1785 ENGLISH POETRY 1579-1830: SPENSER AND THE TRADITION

Samuel Johnson

Anonymous, "To James Boswell, Esq." St. James's Chronicle (22 February 1785).



Unlucky Johnson! hard thy Lot indeed,
Pursued beyond thy Life by Fortune's Spite!
Buried by one who never learn'd to read,
Publish'd by one who ne'er was meant to write!

The Prebend's Avarice, the mutter'd Pray'r,
But for a Moment could disgrace thy Tomb;
The Thanks of Nations shall these Wrongs repair,
And spotless Laurel round thy Ashes bloom!

But oh, thy Life! — Can Boswell's careful Hand
To save that Trust from lasting Shame delay?
Haste, gentle Scot, desert thy native Land!
Thy Johnson's Shade invites thee, come away!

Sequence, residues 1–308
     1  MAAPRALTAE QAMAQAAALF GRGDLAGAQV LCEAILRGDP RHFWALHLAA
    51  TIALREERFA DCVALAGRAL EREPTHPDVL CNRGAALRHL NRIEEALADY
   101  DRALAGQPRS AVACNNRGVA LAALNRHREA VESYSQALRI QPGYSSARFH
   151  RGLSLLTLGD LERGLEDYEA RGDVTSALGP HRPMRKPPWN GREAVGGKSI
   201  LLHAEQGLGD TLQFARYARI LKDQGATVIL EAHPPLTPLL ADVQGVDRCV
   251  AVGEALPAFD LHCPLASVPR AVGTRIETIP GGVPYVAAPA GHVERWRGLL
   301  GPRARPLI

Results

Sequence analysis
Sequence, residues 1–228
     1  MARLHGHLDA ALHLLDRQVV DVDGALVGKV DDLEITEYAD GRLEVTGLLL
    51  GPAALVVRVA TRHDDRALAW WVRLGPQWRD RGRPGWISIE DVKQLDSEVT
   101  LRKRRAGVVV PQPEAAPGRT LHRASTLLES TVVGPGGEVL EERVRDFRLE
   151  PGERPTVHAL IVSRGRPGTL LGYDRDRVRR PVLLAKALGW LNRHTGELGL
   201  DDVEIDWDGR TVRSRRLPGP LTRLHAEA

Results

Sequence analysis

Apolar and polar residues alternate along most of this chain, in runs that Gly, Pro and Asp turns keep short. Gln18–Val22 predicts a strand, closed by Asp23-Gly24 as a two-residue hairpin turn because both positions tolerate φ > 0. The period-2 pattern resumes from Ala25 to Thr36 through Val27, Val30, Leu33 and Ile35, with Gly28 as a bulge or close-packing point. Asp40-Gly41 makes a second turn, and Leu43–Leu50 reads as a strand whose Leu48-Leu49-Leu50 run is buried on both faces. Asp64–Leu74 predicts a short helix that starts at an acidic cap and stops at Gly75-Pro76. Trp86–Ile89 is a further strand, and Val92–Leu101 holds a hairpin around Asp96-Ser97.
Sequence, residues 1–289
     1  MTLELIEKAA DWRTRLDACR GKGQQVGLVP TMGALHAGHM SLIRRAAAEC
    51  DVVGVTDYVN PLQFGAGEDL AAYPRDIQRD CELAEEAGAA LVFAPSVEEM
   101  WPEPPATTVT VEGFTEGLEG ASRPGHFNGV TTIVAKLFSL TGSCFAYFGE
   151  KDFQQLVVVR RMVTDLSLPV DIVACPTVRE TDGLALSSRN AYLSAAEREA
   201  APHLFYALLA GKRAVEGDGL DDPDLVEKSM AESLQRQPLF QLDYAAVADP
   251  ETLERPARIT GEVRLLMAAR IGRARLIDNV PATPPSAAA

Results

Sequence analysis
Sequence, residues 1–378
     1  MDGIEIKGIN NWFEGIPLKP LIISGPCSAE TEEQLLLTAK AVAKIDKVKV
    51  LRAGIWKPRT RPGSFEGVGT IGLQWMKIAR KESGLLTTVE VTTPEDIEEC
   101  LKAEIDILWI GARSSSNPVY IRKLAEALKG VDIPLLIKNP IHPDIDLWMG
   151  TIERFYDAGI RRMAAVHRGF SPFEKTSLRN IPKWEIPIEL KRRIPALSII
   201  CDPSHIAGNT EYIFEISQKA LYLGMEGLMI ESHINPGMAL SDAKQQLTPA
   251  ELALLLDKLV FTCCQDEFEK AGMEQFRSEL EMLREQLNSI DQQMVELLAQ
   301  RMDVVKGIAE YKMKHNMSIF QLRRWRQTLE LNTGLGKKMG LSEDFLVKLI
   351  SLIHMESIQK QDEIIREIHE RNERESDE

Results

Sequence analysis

Though London gaz'd on his meridian Sun,
Within these Walls its Morning Beam arose:—
At last his Giant Strength its Course has run,
And all his Virtues in the Grave repose;

All, but what scatter'd o'er his honest Page,
Enforce our Duties while on Earth we dwell,
Or, warm with hallow'd Fire, our Thoughts engage
To seek the God whose Cause he serv'd so well.

Of varied Learning every Path he knew;
Be thou the Guardian of his varied Fame!
Oh! give to sacred Gratitude its Due,
Nor leave to Dulness what from Genius came!
Pembroke-College, Oxford, Feb. 16.